Tuesday, August 15, 2006

hungry for football, A PRETTY MOVE gathers for a double feature

Yes! Over a fine vegan spread (thank you, Lynda! I love being humored in my quest to eat only eyeless things, particularly by brilliant cooks) we sat down to enjoy a double whammy: the first leg of the Copa Libertadores final (underdog Internacional v. superpower Sao Paolo) followed by the greatly anticipated Barca v. Club America friendly played to a sold-out crowd in Houston.

The whistle blew and Internacionale hit the pitch with elbows and cleats flying, really with such enthusiastic violence that even Sao Paolo were taken aback. It wasn't long, though, before the champs in white started giving back as good (or bad) as they got, and by the close of the first half we (football romantics that we are) were so disheartened that we turned the channel. From the glances we took later it seemed the second half picked up speed with two goals by Inter's Rafael Sobis, a blond wunderkind likened unto our own Lionel Messi by the announcer, but closer kin to Cristiano Ronaldo, I think. Fast and fancy-footed, both become weirdly top-heavy upon stepping into the penalty area,--is gravity stronger there?--so much so that it is only the counterweight of the ball at their feet which keeps them upright and if it is spirited away they topple instantly to the turf. An inner ear condition, I suspect. Messi, I proudly aver, entertains no such impairment.

In any case, the score was 2-1 in Internacionale's favor last we checked, but to this day I don't know who won.

But then there was Barca! Like a reunion with old friends (OK: friends who don't know who you are or anything). We didn't get to see half enough of Messi in the World Cup, and Samuel Eto'o spent the summer melancholy in unqualified Cameroon. Most of the old faces were back, although Puyol sat this one out (to our great disappointment. What is a Barca match without the Armored Saint?) and it was bad news that Maxi Lopez has been loaned out to Real Mallorca. He never played, but he brought a certain dufus surfer-boy quality to the Barca bench of which we all became very fond. Van Bronckhorst, having no doubt had it up to here with being mixed up with Van Bommel, has rechristened himself "Gio", a male supermodel name if I ever saw one. And Rijkaard tried out some fresh faces: Eidur Gudjohnsen is an exciting new force in front, straight off a year on the bench for Chelsea, and Santiago Ezquerro, while not new to the squad, is new enough to the opening lineup. Valdez even sat down at the half to let backup keeper Albert Jorquera have a go.

It was a nail-biter from the first. Club America, a damn good Mexican team, played quickly and well, with an iron-tight defense and one fellow up front (Nelson Cuevas. Remember that name) who jumped through holes in the (admittedly slipshod) Barca defense to score a first-half hat-trick. Fantastic! I think it made poor Derek physically ill, but it was wonderfully exciting. The score at the half was 3-1 (Marquez headed one in early, an unpretentious goal without a celebration).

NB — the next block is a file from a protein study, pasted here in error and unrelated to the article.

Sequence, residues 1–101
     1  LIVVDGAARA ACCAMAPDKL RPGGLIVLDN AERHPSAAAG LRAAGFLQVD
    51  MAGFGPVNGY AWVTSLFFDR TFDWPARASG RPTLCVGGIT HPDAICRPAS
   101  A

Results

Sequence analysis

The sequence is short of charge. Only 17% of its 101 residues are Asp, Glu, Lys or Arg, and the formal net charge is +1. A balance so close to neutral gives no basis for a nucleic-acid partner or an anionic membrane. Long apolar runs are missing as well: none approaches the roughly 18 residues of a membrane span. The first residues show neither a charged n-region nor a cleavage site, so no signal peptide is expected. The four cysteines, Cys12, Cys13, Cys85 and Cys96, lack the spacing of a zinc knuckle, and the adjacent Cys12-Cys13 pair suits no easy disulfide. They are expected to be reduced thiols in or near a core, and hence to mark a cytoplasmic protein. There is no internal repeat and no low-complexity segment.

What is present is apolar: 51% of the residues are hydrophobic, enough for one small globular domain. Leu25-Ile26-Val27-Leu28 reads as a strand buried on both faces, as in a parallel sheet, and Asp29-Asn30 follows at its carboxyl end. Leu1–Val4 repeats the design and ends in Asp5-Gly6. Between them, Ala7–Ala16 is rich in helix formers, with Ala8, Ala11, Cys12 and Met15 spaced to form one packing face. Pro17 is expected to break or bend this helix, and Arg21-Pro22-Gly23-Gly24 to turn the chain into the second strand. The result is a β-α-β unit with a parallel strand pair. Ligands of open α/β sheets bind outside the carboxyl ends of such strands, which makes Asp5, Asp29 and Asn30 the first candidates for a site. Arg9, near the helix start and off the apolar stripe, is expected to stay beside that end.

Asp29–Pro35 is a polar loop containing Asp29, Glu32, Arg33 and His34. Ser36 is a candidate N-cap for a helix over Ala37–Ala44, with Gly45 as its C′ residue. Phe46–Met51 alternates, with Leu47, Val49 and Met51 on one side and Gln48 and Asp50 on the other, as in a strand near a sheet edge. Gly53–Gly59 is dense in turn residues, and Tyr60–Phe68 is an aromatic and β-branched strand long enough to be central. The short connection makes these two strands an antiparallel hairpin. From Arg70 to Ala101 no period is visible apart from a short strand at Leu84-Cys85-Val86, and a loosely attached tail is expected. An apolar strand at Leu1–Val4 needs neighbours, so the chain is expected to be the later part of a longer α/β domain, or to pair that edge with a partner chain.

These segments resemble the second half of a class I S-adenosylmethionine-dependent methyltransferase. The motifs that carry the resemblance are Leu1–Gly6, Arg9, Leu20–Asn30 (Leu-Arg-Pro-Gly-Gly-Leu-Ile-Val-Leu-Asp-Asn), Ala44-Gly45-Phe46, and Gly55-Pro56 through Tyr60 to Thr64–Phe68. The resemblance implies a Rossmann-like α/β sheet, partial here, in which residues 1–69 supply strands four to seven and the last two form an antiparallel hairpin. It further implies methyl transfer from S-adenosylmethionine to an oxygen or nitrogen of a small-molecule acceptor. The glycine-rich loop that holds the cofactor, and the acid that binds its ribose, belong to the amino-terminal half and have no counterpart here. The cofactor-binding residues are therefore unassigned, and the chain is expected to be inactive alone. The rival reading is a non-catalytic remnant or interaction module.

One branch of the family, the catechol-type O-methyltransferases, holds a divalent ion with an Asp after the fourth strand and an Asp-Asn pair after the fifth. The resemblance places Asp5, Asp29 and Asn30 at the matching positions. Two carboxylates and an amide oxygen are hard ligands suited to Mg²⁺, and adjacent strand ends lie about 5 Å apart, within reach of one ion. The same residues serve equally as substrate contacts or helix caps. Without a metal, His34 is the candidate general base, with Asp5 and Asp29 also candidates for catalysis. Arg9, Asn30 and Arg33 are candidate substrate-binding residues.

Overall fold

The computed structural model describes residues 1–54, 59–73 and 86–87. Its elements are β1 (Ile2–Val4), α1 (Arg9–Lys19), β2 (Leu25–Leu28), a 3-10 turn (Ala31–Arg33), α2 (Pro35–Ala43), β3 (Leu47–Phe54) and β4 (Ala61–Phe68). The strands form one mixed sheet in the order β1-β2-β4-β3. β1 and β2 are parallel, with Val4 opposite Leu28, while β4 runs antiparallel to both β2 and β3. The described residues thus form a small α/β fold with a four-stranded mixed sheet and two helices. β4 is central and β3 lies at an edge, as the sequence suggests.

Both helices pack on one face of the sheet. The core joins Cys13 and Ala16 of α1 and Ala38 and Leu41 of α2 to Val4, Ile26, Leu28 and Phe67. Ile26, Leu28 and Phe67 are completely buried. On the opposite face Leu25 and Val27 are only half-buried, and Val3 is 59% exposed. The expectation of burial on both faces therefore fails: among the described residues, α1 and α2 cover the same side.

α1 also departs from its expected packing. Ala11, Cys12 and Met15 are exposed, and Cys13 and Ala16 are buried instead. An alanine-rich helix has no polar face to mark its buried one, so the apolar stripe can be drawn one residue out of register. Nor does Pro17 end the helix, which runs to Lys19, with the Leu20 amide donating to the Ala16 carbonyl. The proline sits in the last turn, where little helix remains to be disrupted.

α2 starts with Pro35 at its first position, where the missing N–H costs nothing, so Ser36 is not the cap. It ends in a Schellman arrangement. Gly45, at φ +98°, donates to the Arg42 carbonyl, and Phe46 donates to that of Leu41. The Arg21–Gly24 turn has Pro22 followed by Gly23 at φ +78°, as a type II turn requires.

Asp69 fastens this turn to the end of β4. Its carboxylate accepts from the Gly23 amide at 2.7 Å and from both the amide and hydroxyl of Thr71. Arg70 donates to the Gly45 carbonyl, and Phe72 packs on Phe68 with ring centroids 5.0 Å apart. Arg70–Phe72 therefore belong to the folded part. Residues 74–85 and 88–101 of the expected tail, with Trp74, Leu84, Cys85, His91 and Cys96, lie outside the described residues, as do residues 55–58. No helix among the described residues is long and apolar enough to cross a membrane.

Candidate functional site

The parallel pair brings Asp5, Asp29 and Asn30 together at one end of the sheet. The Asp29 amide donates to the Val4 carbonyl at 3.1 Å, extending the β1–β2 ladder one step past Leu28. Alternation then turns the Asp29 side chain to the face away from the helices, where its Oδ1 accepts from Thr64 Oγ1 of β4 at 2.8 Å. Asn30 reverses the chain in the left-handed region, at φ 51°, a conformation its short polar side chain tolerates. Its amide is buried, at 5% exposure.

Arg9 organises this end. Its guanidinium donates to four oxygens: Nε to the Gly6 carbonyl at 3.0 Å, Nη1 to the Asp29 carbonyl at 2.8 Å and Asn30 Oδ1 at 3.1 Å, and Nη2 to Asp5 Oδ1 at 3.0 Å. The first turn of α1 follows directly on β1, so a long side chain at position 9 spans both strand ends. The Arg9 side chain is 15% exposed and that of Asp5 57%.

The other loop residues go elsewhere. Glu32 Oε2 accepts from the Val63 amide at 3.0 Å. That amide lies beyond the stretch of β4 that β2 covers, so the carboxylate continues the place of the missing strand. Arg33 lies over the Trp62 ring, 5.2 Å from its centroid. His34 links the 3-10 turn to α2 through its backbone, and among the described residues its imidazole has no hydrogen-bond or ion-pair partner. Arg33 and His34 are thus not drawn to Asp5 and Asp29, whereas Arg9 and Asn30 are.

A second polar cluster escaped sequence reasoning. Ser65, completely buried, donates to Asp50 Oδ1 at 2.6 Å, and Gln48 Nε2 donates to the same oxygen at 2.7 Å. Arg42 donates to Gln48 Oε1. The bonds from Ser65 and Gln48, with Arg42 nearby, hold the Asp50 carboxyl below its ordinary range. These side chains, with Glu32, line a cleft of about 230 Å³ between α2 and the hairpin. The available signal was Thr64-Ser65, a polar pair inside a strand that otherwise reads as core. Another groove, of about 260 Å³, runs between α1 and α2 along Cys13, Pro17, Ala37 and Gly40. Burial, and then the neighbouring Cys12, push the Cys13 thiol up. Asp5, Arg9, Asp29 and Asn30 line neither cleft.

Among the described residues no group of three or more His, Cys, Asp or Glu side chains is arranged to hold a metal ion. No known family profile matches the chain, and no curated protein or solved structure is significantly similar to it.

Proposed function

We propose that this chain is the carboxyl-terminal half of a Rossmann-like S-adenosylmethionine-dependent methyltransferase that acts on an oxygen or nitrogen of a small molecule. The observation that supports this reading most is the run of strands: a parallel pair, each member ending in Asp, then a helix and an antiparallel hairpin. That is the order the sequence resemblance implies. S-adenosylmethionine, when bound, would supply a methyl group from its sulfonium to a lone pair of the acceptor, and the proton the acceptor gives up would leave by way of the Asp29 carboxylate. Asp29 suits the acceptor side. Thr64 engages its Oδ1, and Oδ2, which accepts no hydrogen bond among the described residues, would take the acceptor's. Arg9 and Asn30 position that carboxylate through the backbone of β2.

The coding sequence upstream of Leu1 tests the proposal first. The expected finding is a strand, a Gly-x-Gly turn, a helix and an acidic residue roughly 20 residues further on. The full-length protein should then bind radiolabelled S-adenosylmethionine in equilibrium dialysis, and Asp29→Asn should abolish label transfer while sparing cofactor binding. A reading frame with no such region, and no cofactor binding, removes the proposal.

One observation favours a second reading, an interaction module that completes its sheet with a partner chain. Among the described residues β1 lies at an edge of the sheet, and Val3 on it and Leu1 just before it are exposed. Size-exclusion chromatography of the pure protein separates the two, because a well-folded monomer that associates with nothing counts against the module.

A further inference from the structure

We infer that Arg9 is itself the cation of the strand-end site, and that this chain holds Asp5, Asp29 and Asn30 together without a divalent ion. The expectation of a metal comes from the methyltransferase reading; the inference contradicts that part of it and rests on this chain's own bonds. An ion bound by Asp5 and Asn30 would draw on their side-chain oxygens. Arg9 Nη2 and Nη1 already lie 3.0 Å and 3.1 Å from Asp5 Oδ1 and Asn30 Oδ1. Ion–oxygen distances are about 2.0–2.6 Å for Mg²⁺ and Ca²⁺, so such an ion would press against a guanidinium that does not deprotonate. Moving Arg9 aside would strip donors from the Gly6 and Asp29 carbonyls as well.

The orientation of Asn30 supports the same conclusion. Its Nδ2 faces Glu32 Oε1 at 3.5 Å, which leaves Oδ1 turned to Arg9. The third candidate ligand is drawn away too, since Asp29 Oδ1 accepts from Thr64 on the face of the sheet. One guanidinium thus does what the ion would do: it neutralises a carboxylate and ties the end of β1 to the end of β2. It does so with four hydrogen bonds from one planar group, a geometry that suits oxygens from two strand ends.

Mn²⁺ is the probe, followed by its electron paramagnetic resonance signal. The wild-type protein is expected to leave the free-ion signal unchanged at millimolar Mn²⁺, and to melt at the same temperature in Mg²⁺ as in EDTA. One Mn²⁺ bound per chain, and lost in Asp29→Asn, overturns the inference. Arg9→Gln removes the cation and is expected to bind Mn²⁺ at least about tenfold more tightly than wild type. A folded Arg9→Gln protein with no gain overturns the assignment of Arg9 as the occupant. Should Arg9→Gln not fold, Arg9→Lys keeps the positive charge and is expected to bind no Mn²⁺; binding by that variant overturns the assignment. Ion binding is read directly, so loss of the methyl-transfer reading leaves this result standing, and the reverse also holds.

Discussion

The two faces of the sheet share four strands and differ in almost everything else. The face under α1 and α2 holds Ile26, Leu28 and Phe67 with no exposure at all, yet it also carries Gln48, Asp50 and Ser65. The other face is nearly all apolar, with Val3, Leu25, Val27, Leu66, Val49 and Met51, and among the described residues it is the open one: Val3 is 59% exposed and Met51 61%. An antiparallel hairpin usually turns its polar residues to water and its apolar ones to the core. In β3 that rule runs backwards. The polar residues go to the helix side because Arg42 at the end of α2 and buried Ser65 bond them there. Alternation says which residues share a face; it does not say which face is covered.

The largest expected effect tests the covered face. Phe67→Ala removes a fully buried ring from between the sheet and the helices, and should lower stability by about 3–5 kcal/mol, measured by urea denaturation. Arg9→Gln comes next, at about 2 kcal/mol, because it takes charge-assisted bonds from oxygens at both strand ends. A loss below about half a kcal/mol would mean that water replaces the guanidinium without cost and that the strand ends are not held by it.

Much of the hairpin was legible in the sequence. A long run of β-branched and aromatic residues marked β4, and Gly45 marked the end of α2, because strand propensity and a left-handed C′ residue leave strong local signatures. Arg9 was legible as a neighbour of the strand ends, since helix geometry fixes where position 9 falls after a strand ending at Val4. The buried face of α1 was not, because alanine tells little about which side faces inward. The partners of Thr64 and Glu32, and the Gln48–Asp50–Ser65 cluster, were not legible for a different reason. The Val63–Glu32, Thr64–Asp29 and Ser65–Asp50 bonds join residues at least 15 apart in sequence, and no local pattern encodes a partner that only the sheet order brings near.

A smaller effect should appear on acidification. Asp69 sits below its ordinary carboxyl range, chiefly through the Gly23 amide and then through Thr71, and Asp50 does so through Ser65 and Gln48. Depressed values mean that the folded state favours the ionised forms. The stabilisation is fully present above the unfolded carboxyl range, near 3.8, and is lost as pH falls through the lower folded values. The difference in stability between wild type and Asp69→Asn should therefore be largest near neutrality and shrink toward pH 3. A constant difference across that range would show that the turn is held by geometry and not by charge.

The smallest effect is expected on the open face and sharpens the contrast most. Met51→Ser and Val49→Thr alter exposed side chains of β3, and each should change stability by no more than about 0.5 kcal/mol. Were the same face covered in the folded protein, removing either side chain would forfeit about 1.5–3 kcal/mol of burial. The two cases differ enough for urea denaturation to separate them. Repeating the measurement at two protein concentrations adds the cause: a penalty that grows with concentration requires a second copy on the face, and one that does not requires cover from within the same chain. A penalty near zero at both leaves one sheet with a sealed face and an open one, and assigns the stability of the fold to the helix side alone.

In the second half the big guns came out: Ronaldinho, Messi, Deco, plus Motta, with an even worse haircut than last year, and Oliguer, who promptly scored an own-goal, poor sod. It was beautiful to hear the crowd roar with sheer happiness whenever Ronaldinho touched the ball. As much guff as he's taken this summer, however deserved or not it may be, I am among those who are still enamored. I do wonder if he is not losing his trademark childlike joy. It seems inevitable. I suppose it IS inevitable, and I see evidence of it, yet I am loathe to let that old Ronaldinho go. In any case, he seemed revivified to be back amongst the Catalans, and it did my heart good to see it.

So it was 4-1 until about the 80th minute when the able Argentine Saviola tapped one into the net off a truly brilliant feinting run by Ronaldinho. 4-2, and not much time left. What does a great leader do? Draw a penalty! The announcers decided Ronaldinho was greatly exaggerating the foul, but it was physical; I'd have called it. So 4-3 and the minutes wore thin. We heartened ourselves with the thought that now our loss would be at least respectable, that our boys were fighting back well, and Derek said, "I want Eto'o to score."

No sooner spoken than performed! Eto'o, looking bulked up and healthy and with brand new hair, got a simple, graceful equaliser at the very last minute. We all cheered ourselves raw-throated, and sounded like raspy old smokers for the rest of the night. And isn't that the true acid-test of a great football experience?

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